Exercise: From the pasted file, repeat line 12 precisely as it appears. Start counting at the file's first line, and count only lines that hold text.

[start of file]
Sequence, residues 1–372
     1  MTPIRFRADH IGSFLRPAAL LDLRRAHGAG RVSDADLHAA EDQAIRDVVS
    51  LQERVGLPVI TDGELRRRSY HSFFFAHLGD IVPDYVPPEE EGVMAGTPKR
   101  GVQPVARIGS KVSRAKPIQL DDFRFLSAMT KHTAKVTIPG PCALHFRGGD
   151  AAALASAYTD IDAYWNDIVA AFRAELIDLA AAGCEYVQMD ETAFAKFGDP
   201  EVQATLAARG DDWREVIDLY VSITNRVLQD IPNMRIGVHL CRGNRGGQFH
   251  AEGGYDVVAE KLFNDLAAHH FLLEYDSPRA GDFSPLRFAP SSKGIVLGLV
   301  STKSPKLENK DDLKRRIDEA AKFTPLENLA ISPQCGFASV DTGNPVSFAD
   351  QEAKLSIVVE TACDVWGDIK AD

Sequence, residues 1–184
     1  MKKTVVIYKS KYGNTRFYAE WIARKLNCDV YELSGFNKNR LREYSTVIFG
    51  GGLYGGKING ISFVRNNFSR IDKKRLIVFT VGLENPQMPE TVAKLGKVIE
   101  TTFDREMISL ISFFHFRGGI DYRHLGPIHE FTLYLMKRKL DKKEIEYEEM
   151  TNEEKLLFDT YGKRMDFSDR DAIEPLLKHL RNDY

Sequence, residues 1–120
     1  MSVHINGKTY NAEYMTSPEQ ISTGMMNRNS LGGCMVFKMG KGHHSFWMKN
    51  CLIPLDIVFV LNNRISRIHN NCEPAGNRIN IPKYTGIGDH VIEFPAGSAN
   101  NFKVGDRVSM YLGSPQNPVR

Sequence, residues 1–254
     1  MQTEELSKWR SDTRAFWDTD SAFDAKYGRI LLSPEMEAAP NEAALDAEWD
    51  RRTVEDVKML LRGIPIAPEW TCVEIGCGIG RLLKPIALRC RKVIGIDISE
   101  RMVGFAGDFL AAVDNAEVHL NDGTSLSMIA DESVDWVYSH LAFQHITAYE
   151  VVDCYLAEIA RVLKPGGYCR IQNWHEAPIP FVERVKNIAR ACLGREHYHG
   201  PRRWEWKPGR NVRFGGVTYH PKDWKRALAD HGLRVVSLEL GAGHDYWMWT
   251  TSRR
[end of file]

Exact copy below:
    51  GGLYGGKING ISFVRNNFSR IDKKRLIVFT VGLENPQMPE TVAKLGKVIE